3. Compliance responses will be determined in line with the seriousness of the offence and may include issuing directions, warnings or cautions, suspension or cancellation of licences, fines or prosecution.
  4. Actions that impact wildlife where another agency has primary responsibility will be referred to that agency, for example, for animal welfare or biosecurity matters.

Policy adopted 17 August 2022.

Note

This policy replaces:

  • Managing Interactions with Fauna Policy (2009)
  • Policy on Management of Aggressive Native Birds (2003)
  • Policy and Procedures for Managing Kangaroos that Pose a Risk to Public Safety (2011)
  • Possum Management Policy (2011)
  • Policy and Procedures for Managing Wombats that Damage Property or cause a Nuisance (2011) (unpublished/internal only)

Scope and application

This policy applies to the interaction of people with all protected and threatened animals in the wild that may impact the community across all land tenures in New South Wales, in those circumstances where NPWS is the approval authority, and subject to any exclusions or exceptions set out in this policy.

Objectives

This policy aims to:

  • establish the principles and framework for managing interactions between people and threatened and protected animals under the Biodiversity Conservation Act 2016 (BC Act), where NPWS is the approval authority
  • provide guidance for NPWS staff, other decision makers and the community to assess and manage interactions between people and wildlife
  • maximise the conservation benefits and minimise the risks associated with wildlife management activities
  • ensure animal welfare is considered and applied to all interactions
  • promote the efficient and effective use of public resources for conservation.

Definitions

Animal, as defined in the BC Act, means any animal, whether vertebrate or invertebrate and in any stage of biological development, excluding humans and fish.

Approved captive breeding program refers to human mediated breeding of animals to contribute to the conservation of an extant population, establish a new population or protect the species against imminent extinction.

Authorised officer is a person appointed by the Secretary to exercise the functions of an authorised officer for the purposes of the NPW Act, the BC Act and certain functions of the Protection of the Environment Operations Act 1997 (POEO Act) and Impounding Act.

BC licence means a biodiversity conservation licence issued under Division 3 of Part 2 of the BC Act and in force.

Deal in, as defined in the BC Act, means to buy or sell, trade in, import to or export from New South Wales, or to possess an animal (or plant). It is an offence to deal in protected or threatened animals.

Defensive behaviour means actions displayed by an animal in response to harm or perceived threats of harm, including from a member of its own species, predators and other animals (such as dogs or cats), or people. Such behaviours can sometimes be labelled as aggressive, e.g. magpies swooping pedestrians, but they are typically the reaction of an animal to what it considers a threat (e.g. humans approaching nests or roosting sites).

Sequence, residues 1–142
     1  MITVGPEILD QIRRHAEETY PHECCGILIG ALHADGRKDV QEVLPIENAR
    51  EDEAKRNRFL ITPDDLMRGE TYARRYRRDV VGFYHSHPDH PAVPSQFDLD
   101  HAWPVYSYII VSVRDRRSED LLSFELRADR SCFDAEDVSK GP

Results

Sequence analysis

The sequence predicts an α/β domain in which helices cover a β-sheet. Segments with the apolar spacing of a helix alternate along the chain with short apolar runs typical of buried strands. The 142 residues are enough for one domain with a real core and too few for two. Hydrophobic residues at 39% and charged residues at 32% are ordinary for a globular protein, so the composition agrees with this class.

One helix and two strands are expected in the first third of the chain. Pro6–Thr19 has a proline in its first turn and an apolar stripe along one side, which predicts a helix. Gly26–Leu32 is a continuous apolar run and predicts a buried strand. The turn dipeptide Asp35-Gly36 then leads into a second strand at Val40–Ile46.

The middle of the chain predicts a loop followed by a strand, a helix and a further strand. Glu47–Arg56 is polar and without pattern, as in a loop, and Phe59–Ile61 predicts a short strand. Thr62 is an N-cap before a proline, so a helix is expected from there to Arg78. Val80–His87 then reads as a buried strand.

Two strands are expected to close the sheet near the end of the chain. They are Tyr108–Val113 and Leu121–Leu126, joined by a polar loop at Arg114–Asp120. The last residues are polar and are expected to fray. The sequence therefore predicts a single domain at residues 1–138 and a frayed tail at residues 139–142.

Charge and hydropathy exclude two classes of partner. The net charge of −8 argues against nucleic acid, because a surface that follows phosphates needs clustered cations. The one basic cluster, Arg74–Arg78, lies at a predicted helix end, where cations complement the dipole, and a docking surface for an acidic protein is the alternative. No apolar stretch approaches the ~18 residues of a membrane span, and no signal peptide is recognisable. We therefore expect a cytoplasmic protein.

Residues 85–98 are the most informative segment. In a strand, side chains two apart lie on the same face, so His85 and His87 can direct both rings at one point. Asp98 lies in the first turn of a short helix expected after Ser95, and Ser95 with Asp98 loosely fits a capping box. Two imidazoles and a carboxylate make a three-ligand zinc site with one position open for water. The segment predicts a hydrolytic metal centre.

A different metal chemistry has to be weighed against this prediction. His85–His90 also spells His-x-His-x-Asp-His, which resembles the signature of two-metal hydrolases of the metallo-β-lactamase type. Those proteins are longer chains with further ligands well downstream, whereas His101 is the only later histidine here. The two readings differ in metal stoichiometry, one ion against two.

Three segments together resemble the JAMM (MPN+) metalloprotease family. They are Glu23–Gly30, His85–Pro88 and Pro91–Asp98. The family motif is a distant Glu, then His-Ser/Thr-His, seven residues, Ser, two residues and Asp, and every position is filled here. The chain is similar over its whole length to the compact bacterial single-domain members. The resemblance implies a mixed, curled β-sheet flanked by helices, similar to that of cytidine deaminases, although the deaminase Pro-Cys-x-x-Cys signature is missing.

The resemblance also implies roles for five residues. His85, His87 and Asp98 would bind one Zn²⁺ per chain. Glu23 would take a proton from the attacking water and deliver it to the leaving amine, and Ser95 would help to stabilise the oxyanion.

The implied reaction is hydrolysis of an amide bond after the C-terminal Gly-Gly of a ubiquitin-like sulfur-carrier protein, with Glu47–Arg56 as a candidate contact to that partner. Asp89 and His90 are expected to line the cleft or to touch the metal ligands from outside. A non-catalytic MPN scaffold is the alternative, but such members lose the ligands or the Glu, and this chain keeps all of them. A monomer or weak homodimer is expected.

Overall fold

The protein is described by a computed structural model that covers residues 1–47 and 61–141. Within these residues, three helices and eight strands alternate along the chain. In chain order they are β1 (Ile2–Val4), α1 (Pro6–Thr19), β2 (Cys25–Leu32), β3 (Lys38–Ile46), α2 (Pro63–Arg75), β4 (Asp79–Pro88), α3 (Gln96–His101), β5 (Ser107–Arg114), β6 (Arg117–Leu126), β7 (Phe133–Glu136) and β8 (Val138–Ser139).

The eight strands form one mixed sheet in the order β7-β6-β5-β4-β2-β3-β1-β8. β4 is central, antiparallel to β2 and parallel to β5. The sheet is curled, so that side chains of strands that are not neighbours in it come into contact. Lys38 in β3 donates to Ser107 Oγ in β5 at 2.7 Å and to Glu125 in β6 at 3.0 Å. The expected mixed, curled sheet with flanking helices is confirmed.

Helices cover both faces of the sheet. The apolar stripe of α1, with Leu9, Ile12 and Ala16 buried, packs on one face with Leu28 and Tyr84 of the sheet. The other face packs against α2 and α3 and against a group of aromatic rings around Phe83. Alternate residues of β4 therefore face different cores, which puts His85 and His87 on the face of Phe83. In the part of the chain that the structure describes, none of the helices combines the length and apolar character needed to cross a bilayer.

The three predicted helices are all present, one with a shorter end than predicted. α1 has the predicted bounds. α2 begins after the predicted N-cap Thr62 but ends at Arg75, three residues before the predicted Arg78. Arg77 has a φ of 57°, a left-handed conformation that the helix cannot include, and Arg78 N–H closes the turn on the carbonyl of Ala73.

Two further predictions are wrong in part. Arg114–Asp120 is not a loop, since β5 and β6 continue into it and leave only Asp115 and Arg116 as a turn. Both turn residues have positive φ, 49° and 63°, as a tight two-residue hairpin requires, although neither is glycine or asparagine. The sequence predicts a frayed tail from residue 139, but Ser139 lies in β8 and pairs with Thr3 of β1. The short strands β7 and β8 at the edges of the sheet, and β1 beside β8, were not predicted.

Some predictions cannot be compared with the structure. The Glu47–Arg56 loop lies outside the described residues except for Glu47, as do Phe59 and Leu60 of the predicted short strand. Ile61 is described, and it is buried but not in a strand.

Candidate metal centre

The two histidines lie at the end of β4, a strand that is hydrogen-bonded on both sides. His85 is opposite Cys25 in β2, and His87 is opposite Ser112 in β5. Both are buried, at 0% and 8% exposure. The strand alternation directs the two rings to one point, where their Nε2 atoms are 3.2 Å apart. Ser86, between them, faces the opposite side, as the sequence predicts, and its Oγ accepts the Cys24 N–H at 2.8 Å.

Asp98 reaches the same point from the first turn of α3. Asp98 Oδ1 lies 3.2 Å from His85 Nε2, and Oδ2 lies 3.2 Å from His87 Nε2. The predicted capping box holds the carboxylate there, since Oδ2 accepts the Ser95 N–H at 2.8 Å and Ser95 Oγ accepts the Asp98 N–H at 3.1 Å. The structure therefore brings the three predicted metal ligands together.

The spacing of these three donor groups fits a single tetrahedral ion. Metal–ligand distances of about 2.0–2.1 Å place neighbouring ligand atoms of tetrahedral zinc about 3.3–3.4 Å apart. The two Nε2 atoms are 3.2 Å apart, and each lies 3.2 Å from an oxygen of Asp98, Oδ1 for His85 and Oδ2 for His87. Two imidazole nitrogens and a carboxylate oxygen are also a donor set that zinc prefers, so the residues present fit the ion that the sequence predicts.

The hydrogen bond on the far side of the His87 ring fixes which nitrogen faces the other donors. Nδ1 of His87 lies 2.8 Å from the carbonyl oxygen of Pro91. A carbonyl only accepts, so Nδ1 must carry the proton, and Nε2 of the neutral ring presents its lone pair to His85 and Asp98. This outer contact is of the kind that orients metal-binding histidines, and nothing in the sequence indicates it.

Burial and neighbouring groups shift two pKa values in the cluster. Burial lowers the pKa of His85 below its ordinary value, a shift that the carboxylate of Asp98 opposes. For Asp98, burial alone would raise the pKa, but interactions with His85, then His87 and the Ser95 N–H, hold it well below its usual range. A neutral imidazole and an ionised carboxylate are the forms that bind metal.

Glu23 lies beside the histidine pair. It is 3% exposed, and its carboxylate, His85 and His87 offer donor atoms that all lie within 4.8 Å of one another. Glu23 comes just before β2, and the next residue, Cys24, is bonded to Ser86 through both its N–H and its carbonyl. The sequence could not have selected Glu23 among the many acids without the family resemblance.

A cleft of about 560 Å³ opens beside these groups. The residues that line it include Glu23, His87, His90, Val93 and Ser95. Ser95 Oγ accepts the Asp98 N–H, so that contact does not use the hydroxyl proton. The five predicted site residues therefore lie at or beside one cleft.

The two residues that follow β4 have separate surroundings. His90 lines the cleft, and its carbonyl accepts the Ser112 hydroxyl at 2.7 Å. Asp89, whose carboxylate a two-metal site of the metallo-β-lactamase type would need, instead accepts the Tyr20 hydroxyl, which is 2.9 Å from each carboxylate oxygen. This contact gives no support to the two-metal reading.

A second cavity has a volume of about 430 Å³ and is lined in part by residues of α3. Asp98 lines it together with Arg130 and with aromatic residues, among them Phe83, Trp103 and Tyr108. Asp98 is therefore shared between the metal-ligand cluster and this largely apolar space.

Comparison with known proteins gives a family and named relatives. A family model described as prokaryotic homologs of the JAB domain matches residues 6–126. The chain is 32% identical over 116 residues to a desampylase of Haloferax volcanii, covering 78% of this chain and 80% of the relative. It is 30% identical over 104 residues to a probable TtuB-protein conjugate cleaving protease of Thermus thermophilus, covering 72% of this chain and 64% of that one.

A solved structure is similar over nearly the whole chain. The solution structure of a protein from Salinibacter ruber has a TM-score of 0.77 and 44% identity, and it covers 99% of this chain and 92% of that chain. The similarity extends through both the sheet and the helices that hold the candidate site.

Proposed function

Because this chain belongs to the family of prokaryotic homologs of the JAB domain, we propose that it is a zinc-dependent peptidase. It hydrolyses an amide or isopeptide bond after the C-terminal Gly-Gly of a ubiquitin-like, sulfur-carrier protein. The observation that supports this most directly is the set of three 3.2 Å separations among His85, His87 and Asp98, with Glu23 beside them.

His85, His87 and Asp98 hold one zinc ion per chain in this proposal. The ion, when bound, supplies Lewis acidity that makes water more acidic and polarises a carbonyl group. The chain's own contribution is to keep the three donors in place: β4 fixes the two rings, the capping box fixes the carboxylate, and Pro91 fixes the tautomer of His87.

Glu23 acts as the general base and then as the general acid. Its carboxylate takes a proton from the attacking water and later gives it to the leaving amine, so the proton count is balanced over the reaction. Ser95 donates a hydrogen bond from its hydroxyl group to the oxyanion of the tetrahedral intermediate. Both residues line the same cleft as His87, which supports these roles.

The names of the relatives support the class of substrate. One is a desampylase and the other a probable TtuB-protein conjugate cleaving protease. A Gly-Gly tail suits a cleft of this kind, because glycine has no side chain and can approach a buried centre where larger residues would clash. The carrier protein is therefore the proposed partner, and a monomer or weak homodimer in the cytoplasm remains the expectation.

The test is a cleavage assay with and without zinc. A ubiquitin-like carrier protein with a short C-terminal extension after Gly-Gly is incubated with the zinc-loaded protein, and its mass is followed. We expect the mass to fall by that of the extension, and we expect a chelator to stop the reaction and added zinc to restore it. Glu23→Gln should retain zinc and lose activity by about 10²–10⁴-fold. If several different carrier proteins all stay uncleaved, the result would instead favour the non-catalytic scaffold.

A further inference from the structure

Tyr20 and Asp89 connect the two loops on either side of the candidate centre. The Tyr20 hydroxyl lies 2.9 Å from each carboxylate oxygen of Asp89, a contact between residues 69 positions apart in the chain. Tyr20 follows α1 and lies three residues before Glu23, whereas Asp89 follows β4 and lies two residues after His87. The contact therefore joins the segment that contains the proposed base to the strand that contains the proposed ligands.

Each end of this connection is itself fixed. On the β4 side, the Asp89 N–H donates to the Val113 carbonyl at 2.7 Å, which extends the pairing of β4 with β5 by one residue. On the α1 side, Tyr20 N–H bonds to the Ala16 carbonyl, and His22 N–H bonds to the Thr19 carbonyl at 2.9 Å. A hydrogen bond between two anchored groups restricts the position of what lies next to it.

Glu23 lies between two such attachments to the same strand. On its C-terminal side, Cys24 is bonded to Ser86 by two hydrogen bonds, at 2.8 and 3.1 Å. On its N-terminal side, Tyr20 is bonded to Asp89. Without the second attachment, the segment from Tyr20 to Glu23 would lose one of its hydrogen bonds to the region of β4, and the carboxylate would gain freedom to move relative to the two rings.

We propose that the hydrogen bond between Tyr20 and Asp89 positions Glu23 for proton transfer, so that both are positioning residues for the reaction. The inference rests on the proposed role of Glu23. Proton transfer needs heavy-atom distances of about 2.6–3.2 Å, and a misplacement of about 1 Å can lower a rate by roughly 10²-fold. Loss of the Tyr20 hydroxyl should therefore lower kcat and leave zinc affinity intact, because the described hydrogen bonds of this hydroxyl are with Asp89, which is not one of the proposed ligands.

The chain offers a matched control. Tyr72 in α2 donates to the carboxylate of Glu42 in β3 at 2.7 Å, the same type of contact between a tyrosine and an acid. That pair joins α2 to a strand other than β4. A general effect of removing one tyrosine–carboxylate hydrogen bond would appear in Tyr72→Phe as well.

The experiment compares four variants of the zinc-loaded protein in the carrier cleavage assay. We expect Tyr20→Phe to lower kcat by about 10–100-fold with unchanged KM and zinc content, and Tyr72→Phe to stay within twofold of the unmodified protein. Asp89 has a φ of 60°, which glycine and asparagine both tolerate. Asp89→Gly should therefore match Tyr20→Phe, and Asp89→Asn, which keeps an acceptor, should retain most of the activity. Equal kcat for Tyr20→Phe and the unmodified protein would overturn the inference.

Euthanasia is the act of killing an animal using methods to minimise pain and distress. It is usually performed to relieve suffering at the end of life or due to incurable disease or severe injury. In this policy, it may also refer to the humane killing of otherwise healthy animals.

Harm, as defined in the BC Act, means to kill, injure or capture an animal, but does not include harm by changing the animal's habitat. It is an offence to harm a protected or threatened animal.

Hunting means killing for recreational purposes. Hunting does not include pest species management programs or licensed culling or harvesting.

Incident in this policy refers to an event that could reasonably be considered to lead to injury or disease, or where damage to property or economic hardship is proved.

Licence in this policy refers to a BC licence (see above)

New South Wales includes all terrestrial areas, estuarine and riverine habitats, and marine waters to 3 nautical miles (5.6 km) offshore.

Off-park means lands not held or gazetted under the National Parks and Wildlife Act 1974, and includes other publicly managed lands and private property.

Park means a reserve gazetted under the National Parks and Wildlife Act 1974, including a national park, nature reserve, historic site, Aboriginal area, state conservation area, karst conservation reserve, or regional park, or any land acquired by the Minister under Part 11 of the Act.

Protected animal means an animal of a species listed or referred to in Schedule 5 of the BC Act.

Relocation means the intentional movement of animals to another location for the purpose of moving them out of harm's way or for human life or property protection.

Threatened ecological community means a critically endangered ecological community, an endangered ecological community or a vulnerable ecological community listed in Schedule 2 of the BC Act.

Threatened species means a critically endangered species, an endangered species or a vulnerable species listed in Schedule 1 of the BC Act.

Wildlife means animals in the wild that are listed under the BC Act as protected, threatened, or part of a threatened ecological community (including marine animals and threatened invertebrates). It does not include non-native animals. Wildlife also includes protected and threatened plants, but plants are not subject to this policy.

Accountabilities

See the NPWS People and Wildlife Procedures for all accountabilities.